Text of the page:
The 43C from Smith & Wesson is one of the lightest J-Frame revolvers produced. These compact revolvers are as dependable as they are simple to operate and capable of firing full-power rounds.
This dependable and highly sought-after pocket gun is not without flaws, though. Common problems include misfiring, the trigger being too heavy, the cylinder being jammed up, debris and buildups on the forcing cone, weak primer strikes, and the ejector not working.
Completely read this article to learn about the Smith & Wesson 43C problems and how to fix them quickly and easily.
Features & Specifications of Smith and Wesson 43C:
- Grip : Synthetic
- Product weight : 11.5 ounces
- Product length : 6.25 inches
- Capacity : 8 rounds
- Frame Material : Aluminum Alloy
- Cylinder Material : Aluminum Alloy
- Barrel Material : Stainless Steel
Common Smith and Wesson 43C Problems and Solutions
Quick Overview of the Problems and Solutions
|Failure to Fire||Inspect the ejector rod and clean it thoroughly.|
|Heavy Trigger||Test the function of the trigger, and check the striker channel.|
|Locked Cylinder Completely||Tighten the extractor rod. Replace the crane if needed.|
|Dirt on Forcing Cone||Use remover to clean the place.|
|Light Primer Strikes||Clean the firing pin. If it is damaged, replace it.|
|Ejection Issue||Replace your recoil spring. Tighten the extractor.|
1. Failure to fire
Failure to fire is a typical issue with the S&W 43C. It misfires several times. Sometimes, misfires result in no firing. In certain instances, it may have hit, but did not fire.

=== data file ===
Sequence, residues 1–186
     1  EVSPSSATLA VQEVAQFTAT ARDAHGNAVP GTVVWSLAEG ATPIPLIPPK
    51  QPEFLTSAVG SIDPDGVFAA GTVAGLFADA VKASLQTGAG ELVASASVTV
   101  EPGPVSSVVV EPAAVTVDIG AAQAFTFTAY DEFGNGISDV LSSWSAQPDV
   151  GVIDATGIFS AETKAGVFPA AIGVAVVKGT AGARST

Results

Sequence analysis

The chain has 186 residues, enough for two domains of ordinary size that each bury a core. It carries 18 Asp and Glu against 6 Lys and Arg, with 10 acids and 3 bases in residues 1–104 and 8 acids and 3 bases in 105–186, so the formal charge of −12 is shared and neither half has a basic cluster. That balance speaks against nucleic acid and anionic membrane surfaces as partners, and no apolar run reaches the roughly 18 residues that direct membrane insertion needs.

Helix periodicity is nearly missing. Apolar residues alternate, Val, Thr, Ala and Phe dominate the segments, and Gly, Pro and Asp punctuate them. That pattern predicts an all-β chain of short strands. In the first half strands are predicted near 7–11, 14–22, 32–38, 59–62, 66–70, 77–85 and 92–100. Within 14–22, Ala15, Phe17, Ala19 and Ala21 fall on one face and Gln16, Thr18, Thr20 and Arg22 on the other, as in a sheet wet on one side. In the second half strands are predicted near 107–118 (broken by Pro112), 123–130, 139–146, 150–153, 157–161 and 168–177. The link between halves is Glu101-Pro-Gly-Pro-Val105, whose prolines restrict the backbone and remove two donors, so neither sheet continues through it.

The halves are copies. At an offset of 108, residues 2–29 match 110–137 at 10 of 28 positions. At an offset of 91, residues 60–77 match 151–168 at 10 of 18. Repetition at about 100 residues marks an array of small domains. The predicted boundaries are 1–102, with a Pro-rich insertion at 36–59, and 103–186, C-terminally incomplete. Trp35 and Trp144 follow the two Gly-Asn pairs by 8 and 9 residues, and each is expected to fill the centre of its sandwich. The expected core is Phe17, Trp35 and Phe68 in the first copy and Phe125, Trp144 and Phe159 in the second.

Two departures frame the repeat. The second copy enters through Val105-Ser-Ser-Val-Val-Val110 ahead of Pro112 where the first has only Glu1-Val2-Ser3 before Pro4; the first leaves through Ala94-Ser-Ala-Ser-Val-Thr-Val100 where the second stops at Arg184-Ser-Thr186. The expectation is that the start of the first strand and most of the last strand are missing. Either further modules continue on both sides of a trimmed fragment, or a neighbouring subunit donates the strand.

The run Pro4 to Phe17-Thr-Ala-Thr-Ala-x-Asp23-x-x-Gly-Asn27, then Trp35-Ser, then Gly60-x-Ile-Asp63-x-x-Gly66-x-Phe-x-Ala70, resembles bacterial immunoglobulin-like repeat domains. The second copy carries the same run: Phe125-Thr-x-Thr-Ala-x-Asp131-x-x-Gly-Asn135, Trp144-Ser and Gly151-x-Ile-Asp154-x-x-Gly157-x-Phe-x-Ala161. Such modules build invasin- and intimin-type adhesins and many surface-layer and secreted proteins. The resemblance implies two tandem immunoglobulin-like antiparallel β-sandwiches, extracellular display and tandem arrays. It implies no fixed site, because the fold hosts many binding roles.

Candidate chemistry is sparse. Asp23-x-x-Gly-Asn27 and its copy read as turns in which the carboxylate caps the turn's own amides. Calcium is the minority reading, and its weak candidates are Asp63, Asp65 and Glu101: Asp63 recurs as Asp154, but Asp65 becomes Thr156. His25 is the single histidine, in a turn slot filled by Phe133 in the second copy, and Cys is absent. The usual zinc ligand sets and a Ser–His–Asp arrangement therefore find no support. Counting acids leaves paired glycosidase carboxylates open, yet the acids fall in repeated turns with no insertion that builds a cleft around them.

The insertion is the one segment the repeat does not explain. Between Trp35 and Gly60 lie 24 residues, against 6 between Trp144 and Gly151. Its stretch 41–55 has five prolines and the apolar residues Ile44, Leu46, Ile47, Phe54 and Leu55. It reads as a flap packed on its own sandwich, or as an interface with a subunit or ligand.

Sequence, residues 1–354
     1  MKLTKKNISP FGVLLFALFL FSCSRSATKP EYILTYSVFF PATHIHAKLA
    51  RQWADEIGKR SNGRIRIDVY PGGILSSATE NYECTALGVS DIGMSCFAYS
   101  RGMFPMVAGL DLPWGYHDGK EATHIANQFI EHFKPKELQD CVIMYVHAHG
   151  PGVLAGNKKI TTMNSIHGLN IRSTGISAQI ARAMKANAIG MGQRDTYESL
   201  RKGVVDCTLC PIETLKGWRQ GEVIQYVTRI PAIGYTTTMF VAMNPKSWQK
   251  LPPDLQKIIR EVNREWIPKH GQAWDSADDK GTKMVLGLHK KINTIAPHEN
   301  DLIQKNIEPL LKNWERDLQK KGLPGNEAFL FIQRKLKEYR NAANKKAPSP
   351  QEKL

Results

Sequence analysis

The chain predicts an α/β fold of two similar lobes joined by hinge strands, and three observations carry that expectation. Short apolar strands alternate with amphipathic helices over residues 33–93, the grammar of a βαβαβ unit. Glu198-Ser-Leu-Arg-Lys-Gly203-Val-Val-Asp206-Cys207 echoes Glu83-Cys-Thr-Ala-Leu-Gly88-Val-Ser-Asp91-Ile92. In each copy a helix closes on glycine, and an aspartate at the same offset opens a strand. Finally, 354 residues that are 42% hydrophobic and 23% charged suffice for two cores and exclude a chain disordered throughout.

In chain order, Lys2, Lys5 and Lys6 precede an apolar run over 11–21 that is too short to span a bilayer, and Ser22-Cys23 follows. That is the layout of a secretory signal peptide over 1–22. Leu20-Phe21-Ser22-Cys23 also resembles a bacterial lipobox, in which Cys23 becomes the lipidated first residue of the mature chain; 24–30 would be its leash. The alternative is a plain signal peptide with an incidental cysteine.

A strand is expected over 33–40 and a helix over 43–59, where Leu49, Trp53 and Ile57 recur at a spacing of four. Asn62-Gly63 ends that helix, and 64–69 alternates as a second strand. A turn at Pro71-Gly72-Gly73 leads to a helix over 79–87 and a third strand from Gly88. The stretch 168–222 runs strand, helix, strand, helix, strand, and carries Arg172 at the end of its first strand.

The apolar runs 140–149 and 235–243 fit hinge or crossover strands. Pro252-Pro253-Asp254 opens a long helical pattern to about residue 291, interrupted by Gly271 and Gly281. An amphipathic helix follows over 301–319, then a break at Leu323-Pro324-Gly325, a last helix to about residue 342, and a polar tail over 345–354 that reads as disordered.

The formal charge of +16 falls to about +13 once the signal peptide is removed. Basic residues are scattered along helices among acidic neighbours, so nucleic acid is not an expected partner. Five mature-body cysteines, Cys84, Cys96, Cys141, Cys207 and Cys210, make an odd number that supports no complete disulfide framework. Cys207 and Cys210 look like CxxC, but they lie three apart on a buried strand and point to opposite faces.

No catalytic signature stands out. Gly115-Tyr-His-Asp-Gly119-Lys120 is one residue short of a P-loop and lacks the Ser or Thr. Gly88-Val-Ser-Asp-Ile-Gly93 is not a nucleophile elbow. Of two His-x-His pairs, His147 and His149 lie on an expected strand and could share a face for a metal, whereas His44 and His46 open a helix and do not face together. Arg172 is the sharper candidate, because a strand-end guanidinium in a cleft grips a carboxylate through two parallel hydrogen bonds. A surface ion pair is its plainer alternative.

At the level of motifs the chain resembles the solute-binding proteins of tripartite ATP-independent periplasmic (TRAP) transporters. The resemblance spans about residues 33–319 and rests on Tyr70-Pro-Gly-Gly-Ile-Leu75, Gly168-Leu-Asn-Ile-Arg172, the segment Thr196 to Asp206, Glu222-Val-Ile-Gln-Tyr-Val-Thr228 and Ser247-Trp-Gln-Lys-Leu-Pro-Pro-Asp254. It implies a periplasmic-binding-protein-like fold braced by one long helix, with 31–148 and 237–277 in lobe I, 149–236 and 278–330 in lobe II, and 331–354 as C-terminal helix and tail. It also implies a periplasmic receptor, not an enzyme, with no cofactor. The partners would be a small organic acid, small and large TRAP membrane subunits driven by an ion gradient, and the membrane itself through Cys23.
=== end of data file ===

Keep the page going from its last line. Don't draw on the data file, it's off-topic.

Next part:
If there was a difficulty with tight case ejection or ejection rod, the hammer may have nicked the hammer shroud before contacting the pin.
Examine and thoroughly clean the ejector rod to resolve the issue. Repair the hammer. Replace the ammunition you’re using.
If the problem still happens after you change the ammunition, you should change the leaf spring. By changing the leaf spring, the power and force of the spring will increase, letting the hammer hit with more force.
Check the revolver’s leaf spring strain screw. If the tension screw is not tight enough, the firing pin may hit softly.
2. Heavy Trigger
There are problems with the trigger on the 43C. The trigger would become incredibly weighty.
The trigger press of 43C would typically rotate the cylinder but never drop the hammer.
It may be wise to examine the striker channel. Complete disassembly and lubrication will solve your problem.
3. Locked Cylinder
While shooting with a 43C, you may encounter a few complications, such as when you attempt to close the cylinder and it does not close completely. The cylinder may be compromised.
So, one possible explanation is that the cylinder couldn’t seal because the gas ring had broken and moved forward, getting stuck between the cylinder and the frame.
Maybe the extractor rod has become loose. If the crane of your S&W 43C is bent, the cylinder will not close and the gun will not lock up.
To fix the problem, tighten the extractor rod that may be loosened. You might want to change the cylinder. Fix the crane that is bent replace if needed.
4. Dirt on Forcing Cone
The top strap of the S&W 43C tends to get dirty quickly, especially where it meets the forcing cone.
Also, it was spitting a lot. The lead buildup is rather crazy for just having 70 mini magazines in the chamber.
Make use of Lewis Lead Remover by twisting the rubber stopper while the mesh eats away at the steel. Clean the area after soaking it and letting it sit for a while.
5. Light Primer Strikes
Another problem with the S&W 43C is that the priming often strikes too lightly. Misfires and hang fires are often the result of light priming strikes.
They still won’t happen every time, and not with every type of ammunition, but their frequency will increase.